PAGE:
Hugh Black has been making bikes for almost 30 years out of Fergus, Ontario, with titanium being his specialty. A few of my friends have bikes made by him and I have heard nothing but raving reviews. I met with Hugh at his shop to talk about the potential bike build - what I would be using the bike for, desired tire clearance, components, fit, etc. It was a lot easier to talk through these options this time around because I had learned so much from the Stigmata build. After chatting, there was no hesitation on my part, I felt comfortable with the bike build being in Hugh’s hands.

Next time I visited the shop, I brought my Stigmata and jumped on the trainer while Hugh analyzed my current bike position. After a few body measurements, he showed me a mock-up of the proposed bike geometry. Pretty sweet - a bike finally designed for my body!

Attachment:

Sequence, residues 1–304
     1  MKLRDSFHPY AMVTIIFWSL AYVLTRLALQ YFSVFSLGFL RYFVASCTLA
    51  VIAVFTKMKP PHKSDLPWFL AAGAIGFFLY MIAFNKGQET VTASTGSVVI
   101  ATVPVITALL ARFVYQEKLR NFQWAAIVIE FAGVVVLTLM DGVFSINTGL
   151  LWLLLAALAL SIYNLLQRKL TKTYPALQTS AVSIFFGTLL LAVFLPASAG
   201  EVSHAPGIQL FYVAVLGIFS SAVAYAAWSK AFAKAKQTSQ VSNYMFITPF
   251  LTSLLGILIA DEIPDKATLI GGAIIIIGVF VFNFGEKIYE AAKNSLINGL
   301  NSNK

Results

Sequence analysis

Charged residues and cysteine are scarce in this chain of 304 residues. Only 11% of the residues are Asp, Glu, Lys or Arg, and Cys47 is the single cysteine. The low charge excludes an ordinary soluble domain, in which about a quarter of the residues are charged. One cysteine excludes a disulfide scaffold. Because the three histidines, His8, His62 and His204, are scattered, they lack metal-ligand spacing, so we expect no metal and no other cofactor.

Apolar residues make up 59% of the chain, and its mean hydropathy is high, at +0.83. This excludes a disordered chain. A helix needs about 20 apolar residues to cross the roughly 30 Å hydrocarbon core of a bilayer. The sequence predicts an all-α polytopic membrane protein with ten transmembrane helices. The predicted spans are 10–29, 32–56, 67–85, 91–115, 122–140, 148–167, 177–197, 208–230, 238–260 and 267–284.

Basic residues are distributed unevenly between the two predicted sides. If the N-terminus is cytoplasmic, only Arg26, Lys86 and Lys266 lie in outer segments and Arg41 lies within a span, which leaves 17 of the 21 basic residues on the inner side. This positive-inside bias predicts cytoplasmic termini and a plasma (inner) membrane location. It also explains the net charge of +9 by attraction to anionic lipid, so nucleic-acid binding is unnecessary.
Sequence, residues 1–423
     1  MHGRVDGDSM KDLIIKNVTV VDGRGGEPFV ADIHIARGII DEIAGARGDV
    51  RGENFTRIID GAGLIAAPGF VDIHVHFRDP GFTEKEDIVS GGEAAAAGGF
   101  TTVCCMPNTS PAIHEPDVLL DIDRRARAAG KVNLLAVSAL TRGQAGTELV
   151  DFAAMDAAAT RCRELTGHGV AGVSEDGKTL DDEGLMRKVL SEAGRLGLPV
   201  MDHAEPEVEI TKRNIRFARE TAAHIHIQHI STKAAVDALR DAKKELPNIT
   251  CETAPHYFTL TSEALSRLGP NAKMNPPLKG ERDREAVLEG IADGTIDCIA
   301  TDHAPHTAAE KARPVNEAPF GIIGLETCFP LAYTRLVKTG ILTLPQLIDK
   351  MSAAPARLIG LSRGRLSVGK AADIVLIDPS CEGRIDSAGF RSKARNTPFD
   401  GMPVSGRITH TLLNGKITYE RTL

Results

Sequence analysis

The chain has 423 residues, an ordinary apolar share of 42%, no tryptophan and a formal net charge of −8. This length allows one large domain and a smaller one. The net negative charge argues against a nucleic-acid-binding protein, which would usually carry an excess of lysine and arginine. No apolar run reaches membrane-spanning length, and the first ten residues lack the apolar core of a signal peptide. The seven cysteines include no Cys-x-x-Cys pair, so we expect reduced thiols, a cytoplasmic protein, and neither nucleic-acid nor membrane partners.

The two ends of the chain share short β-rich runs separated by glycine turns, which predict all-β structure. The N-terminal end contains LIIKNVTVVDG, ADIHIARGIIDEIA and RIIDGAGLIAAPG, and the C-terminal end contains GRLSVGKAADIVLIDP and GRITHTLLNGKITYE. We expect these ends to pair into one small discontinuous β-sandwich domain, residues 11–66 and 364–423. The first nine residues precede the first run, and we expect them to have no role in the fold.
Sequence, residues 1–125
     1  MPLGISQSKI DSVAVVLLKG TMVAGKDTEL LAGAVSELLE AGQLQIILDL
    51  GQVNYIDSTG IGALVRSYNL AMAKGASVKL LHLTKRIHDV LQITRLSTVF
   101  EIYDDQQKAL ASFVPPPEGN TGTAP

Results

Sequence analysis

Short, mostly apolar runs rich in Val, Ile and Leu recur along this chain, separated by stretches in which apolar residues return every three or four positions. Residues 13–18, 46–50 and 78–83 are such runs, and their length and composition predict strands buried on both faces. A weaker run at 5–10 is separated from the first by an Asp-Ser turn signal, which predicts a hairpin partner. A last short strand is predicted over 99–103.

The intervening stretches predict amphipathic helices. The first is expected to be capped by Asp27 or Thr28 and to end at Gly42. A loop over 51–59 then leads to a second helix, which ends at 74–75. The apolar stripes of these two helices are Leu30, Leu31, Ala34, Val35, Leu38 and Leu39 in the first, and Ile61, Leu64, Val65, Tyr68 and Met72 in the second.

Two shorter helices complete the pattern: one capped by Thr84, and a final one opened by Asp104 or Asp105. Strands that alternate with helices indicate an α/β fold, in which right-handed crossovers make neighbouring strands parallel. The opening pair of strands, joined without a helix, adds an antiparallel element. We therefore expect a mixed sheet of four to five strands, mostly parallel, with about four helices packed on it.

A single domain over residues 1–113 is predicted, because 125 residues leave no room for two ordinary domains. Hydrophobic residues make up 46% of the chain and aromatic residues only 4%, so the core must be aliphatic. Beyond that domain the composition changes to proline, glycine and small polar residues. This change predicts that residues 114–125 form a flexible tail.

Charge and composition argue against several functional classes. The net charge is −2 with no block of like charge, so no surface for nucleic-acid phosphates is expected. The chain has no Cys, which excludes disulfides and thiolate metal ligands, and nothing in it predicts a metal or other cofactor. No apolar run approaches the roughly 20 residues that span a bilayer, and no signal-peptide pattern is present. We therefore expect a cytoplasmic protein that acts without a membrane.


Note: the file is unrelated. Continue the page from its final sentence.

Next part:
True North Bike Design

Before no time, Hugh had crafted a titanium dream - so sleek, so light. I won’t pretend to know a ton about frame design, but aesthetically speaking, this frame is a work of art. Anyone can see that the attention to detail is high; the lines are so clean. Hugh included eyelets on the downtube for an extra water bottle mount or storage as well as mounts for a rear fender/ rack.

PC: Top Photos by Hugh Black

While the frame was being constructed, I was busy dreaming up a colourway. Initially, I whipped out my pencil crayons and tracing paper to come up with a design. After a single mock-up, I knew I had to flip to a digital planning process or iterations would be painful. Luckily, one of my friends had me over to hangout and we put together a couple versions in Illustrator. All set!